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Organizations that have been around since the pre-digital era face the same general technology dilemma: They know it’s important to have resilient and evolving IT, but they’re hesitant to scrap valuable legacy systems.  

On one hand, business leaders recognize that organizational survival depends on IT agility. According to a recent Accenture survey, 75% of C-suite executives believe their company existence will be threatened if they don’t update their technology. Quickly responding to business demands, identifying market opportunities, creating new revenue streams, facilitating innovation – all of this requires flexible, leading-edge technology.

At the same time, legacy IT represents significant financial investment, and it serves critical day-to-day business functions that can’t be interrupted. Equally important, older systems are packed with rich data, in many cases stretching back decades.

To balance these competing priorities, most organizations try to retain their legacy systems as long as possible, while applying quick fixes and new features as needs arise. However, these multiple short-term solutions result in a Frankenstein architecture that’s difficult to maintain, update, connect, or migrate. Worse, it slows productivity, hampers innovation, and adds to technical debt.

What companies really want is a middle ground, where they can continue to leverage their core systems, but make them scalable and resilient. They want to reduce the immediate and long-term costs of the problem, capitalize on technologies that maintain competitive edge, and keep operations running smoothly – all with lowered risk and minimized investment.

The solution they’re looking for exists. It’s called digital decoupling.

The Fundamentals of Digital Decoupling

As the name suggests, decoupling involves separating out the components of legacy systems. Some elements are replaced, some are migrated, some are redeveloped, and some remain as is.

Essentially, decoupling allows older systems to run in parallel with new technologies, so that organizations can continue extracting value from their legacy IT, while achieving agility and reducing technical debt.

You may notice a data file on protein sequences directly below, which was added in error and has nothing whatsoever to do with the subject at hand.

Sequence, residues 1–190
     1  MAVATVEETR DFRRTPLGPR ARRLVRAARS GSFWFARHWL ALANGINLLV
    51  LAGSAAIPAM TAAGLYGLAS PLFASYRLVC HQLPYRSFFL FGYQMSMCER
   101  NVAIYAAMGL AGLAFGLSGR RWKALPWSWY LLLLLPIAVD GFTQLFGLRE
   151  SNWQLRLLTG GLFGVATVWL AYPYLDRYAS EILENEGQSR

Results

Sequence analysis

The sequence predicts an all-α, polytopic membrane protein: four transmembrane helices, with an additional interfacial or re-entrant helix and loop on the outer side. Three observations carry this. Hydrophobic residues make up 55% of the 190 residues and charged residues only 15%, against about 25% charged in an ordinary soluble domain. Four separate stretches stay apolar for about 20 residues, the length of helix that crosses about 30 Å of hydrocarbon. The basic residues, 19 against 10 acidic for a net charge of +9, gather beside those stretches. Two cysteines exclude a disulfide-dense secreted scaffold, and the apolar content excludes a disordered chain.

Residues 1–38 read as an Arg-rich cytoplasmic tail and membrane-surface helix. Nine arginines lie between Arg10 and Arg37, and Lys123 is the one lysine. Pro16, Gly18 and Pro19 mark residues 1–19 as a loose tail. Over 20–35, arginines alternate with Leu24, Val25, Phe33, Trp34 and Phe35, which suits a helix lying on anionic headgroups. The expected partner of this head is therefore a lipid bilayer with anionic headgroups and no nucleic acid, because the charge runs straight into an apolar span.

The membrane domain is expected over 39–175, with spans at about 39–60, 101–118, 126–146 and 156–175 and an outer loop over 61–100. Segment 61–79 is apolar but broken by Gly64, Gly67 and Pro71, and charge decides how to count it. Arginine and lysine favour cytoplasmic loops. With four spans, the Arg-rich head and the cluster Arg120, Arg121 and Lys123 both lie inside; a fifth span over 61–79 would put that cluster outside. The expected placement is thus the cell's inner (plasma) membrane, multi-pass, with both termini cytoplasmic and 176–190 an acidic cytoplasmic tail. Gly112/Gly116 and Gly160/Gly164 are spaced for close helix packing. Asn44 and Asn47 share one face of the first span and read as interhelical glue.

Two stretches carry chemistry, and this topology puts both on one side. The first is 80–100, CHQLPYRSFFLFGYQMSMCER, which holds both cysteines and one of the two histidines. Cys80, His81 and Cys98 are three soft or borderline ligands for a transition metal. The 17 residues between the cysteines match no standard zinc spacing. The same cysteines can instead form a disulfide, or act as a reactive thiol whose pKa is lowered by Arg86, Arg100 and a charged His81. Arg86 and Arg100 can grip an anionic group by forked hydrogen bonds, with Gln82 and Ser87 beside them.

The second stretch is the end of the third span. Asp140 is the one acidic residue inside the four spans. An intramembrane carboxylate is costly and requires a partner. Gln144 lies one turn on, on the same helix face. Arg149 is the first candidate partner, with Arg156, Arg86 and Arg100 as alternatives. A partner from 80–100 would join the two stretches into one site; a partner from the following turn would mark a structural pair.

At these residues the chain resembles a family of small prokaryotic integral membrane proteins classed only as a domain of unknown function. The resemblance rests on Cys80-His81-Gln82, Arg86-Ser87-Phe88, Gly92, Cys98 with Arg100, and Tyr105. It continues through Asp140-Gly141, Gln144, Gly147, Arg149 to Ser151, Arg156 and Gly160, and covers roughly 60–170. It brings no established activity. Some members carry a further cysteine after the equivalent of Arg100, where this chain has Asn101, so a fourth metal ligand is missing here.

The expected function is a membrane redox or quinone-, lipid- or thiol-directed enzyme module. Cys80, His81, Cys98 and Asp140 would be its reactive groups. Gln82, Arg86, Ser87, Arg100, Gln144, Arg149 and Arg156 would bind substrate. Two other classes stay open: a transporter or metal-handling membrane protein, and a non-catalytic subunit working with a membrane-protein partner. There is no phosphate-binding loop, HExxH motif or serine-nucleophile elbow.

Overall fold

Getting out of technical debt and modernizing your infrastructure should be undertaken incrementally. This doesn’t necessarily mean slowly; it means getting immediate benefits in conjunction with a smart long-term path – one that allows your IT to continually evolve based on these basic steps:

Move legacy system data into data lakes. A data lake is a storage repository that holds vast amounts of structured or unstructured data, to be called upon whenever needed. It’s an excellent solution not just as part of decoupling, but for data storage in general, as it pulls and retains a continuous stream of data from all sources and “untraps” it from your legacy systems.

Organizations can leverage this data through analytics to ask virtually unlimited business questions. The answers allow for a 360° organizational view and fully-informed decision-making.

Another nice benefit of moving data from legacy systems and into a lake is that many organizations will no longer need a large on-premises data center, providing significant savings in cost and maintenance.

Separate applications from legacy infrastructure. Running apps on a legacy infrastructure is kind of like taking an airplane to get to the convenience store. It’s costly, inefficient, and unnecessary. Decoupling applications creates flexibility and scalability, allowing organizations to launch products faster, reduce run costs, and create automations.